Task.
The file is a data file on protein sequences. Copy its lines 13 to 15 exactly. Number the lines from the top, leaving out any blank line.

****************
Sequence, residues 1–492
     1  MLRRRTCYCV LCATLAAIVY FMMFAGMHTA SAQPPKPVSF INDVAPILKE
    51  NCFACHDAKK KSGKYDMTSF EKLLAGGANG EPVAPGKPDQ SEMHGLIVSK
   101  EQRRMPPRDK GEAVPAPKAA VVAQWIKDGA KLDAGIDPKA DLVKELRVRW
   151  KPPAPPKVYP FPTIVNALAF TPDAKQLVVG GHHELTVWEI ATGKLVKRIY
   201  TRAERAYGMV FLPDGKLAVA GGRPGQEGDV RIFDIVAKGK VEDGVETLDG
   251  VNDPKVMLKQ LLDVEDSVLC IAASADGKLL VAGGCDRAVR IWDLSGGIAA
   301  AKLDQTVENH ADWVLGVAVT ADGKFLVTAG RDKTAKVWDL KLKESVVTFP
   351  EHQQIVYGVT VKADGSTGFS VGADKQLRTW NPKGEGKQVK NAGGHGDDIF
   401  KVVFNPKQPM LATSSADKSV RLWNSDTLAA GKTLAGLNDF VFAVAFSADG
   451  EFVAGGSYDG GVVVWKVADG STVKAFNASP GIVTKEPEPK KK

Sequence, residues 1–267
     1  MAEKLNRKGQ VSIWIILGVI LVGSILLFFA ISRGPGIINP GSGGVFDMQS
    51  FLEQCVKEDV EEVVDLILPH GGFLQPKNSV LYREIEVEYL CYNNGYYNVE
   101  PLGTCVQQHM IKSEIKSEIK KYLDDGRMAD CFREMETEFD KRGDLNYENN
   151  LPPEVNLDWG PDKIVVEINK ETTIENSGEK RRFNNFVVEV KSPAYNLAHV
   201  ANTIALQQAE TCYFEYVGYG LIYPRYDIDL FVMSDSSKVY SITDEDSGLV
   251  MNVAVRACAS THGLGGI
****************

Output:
     1  MAEKLNRKGQ VSIWIILGVI LVGSILLFFA ISRGPGIINP GSGGVFDMQS
    51  FLEQCVKEDV EEVVDLILPH GGFLQPKNSV LYREIEVEYL CYNNGYYNVE
   101  PLGTCVQQHM IKSEIKSEIK KYLDDGRMAD CFREMETEFD KRGDLNYENN